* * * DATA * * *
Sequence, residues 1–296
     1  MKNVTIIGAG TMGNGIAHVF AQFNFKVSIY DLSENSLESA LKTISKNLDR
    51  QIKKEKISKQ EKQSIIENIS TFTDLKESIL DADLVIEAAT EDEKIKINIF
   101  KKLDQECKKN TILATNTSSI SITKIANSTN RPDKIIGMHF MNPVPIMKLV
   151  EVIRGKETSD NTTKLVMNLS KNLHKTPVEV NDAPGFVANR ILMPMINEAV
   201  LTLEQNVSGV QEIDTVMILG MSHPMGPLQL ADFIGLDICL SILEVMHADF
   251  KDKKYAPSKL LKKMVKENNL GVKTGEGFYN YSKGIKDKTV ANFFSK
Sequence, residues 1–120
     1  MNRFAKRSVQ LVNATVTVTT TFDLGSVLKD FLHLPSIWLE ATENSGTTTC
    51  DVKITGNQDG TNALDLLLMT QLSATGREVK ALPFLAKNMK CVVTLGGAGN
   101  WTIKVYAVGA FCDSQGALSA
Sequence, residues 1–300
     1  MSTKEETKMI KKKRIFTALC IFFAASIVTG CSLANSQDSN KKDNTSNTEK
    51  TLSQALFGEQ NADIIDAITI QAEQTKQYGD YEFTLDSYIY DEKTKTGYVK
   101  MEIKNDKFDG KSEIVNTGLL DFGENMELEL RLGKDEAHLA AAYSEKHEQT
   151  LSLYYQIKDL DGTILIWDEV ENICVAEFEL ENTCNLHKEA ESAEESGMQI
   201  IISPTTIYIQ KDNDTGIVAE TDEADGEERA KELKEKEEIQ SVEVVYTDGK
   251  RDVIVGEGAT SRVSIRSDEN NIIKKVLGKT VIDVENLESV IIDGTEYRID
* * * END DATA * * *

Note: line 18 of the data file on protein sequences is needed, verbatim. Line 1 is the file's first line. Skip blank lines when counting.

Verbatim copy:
   251  RDVIVGEGAT SRVSIRSDEN NIIKKVLGKT VIDVENLESV IIDGTEYRID